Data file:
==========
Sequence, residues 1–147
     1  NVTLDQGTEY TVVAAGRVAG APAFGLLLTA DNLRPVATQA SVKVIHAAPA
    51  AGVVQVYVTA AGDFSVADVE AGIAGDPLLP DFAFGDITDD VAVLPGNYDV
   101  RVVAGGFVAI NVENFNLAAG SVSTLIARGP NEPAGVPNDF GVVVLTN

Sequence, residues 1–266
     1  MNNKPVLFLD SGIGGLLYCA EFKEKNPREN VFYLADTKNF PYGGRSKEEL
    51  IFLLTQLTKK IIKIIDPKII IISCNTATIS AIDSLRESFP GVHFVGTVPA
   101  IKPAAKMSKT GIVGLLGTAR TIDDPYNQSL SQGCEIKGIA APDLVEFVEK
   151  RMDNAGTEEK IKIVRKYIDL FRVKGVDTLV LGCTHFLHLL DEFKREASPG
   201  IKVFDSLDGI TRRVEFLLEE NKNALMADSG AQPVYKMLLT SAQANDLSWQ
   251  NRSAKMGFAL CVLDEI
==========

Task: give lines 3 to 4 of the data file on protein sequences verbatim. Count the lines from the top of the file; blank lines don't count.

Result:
    51  AGVVQVYVTA AGDFSVADVE AGIAGDPLLP DFAFGDITDD VAVLPGNYDV
   101  RVVAGGFVAI NVENFNLAAG SVSTLIARGP NEPAGVPNDF GVVVLTN